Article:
Who doesn't want more energy? Think of how much harder you could train with that extra bit of oomph, and how much
faster you could add slabs of lean muscle. Beyond energy to exercise, though, you need energy to work, to study,
to think, even to relax.
How do you get energy? From food, obviously. The first energy food to come to mind might be sugar in its various
forms. Refined simple carbs like sugar do provide energy, but they aren't the answer to an athlete's energy needs.
You must eat a combination of simple and complex carbs at the right times to provide the energy you need when you
Fast Burners & Slow Burners
If you have some knowledge of nutrition, when you think of energy you might not think of sugar but of the glycemic
index. This is a guide to how quickly foods raise blood glucose. Generally, the higher the index, the faster the
food provides energy. While high-glycemic foods are good for quick energy, eating too many may give you bursts of
energy only to be followed by sluggish energy lows.
Mixing high-, medium- and low-glycemic foods - plus eating high-fiber and mixed-nutrient foods - allows for
sustained energy. A bodybuilding eating plan of frequent small meals also helps keep your energy levels on an even
The muscles themselves store some fuel in the form of glycogen. Regular training helps build the storage capacity
for this fuel, and you need to replenish it for your next exercise session. Replacement occurs at a slow but steady
pace. Sports nutritionist Nancy Clark, MS, RD, recommends in her Sports Nutrition Guidebook (Human Kinetics, 1997)
that you consume about 300 calories of carbohydrate every two hours for 6-8 hours after working out.
Endurance athletes need to be most concerned about carb replenishment. Other athletes can replenish adequately
just by eating a nutritious diet. Clark advises choosing mainly whole foods when you recarb; they generally have
more vitamins and minerals than carb drinks.
The traditional bodybuilding formula of eating smaller, more frequent meals works well for energizing the athlete.
Always start your day with a good breakfast. Research shows that subjects who consumed breakfast and a snack could
perform about 20% more work than subjects who just had water, says Clark.
If one energy bar is good, are two better and three best? No. If you eat more than your body's immediate needs,
you could end up storing most of the surplus as excess fat - the last thing an athlete or any health-conscious
person wants. Remember, too, that you want a lot of variety in your meals to get a better mix of different nutrients.
Instead of that second energy bar, have some fruit or complex carbs a few hours later.
Lighting the Fire
No matter how much energy fuel you have, it won't do you any good if you can't burn it. That's where vitamins,
minerals and water come in.
You may have heard that vitamins don't provide energy. Well, they don't have calories, but some of them, B vitamins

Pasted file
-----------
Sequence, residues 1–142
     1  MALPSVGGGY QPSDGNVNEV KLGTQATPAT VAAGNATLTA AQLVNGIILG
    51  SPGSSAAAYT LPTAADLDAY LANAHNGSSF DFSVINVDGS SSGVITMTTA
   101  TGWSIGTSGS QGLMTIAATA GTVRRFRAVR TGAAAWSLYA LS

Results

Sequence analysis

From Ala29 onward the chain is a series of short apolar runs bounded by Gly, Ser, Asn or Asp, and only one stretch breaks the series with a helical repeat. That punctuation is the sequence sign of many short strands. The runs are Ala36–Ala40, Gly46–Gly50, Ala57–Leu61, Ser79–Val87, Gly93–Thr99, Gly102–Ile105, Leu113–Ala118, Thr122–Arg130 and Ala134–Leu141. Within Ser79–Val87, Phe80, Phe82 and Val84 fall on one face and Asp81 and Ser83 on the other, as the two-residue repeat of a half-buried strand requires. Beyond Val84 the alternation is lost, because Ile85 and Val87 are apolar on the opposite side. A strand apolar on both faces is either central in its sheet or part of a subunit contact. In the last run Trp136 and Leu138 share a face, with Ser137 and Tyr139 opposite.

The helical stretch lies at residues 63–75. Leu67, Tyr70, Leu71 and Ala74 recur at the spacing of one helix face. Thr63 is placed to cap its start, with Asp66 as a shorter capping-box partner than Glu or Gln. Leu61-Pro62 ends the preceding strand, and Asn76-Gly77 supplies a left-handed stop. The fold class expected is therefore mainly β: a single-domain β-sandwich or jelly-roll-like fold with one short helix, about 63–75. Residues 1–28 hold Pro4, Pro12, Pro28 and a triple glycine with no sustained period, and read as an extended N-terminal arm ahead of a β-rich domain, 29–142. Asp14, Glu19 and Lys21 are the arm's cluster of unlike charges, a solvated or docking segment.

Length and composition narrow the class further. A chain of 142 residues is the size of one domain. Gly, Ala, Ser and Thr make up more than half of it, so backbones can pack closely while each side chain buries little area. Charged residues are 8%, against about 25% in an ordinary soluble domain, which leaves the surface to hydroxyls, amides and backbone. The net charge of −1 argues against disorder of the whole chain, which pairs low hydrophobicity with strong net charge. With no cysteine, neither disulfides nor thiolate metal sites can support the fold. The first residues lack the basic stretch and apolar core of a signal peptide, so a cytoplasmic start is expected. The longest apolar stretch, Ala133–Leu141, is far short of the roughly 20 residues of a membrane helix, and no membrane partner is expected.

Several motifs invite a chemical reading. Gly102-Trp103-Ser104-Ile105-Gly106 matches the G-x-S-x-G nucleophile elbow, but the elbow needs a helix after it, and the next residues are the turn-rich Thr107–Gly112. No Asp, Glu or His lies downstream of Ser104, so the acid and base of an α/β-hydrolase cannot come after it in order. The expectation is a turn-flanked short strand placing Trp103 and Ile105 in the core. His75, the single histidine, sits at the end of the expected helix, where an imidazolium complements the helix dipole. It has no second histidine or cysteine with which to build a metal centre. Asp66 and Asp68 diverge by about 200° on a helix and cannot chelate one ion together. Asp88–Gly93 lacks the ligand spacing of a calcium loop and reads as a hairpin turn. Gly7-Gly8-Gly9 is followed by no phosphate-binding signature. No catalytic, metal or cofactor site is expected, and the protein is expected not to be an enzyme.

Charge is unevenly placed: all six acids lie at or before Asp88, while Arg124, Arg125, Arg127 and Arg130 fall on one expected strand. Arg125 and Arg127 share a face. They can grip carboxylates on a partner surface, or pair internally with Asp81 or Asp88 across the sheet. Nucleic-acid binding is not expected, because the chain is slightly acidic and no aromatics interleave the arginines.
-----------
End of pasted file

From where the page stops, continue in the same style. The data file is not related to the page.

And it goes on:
in particular, do aid in metabolism. That's why we consider certain foods high in B vitamins as energy foods. Not
only do milk, grains, fruit, fish, meat (lean, of course), beans and selected vegetables provide calories, but they
also provide different B vitamins that are involved in various metabolic functions.
Even minerals are involved in the energy equation. If you're deficient in iron or anemic, you feel tired much of the
time and don't have the energy to train. Some athletes are more at risk of iron deficiency, Clark explains. They
include females (who lose iron during menstruation); teenage athletes (especially girls) who need iron for growth;
athletes who don't eat red meat, a main source of iron; and endurance athletes, who may lose significant iron through
sweat. Marathon runners in particular might also damage red blood cells due to the pounding of their feet on the
Water doesn't provide calories, but it's still a vital part of your energy equation. Among its many functions, you
need it to digest food and to carry nutrients to your cells. "The same athletes who earn an A+ for eating wisely
often flunk hydration," states Clark.
In her book Power Eating (with Maggie Greenwood-Robinson, Human Kinetics, 1998), Susan Kleiner, PhD, RD, reports,
'A water deficit of just 2% -4% of your bodyweight can cut your strength-training workout by as much as 21% if
you're dehydrated - and your aerobic power by a whopping 48%."
8 Energy Foods
A varied, high-nutrient diet is the best way to meet your energy and other nutrition needs. Convenience and taste
are also important. Consider these foods when you want to ensure energy to spare.
. Allow for quick absorption of replacement carbs during and after exercise. Choose those drinks that
have about 50 calories per 8 ounces. Regular soft drinks are way too concentrated.
Sports nutrition bars
. Convenient, tasty, providing measured amounts of complex and simple carbs. Many have added
benefit of fiber.
. Tried-and-true athlete's food. Convenient and nutritious.
. Whole fruit allows for slower digestion of simple carbs. Distance runners grab quartered oranges for refueling
. Grain foods provide complex carbs. The chewy texture makes bagels a filling, substantial food.
. The endurance athlete's traditional carb-loading meal. Bodybuilders need moderate portions along with other
. Convenient and portable, they taste good and provide fiber, potassium and often iron. Apricots and peaches
are loaded with carotenoids.
. No calories to burn as energy, but your body needs to be adequately hydrated to produce the energy for you to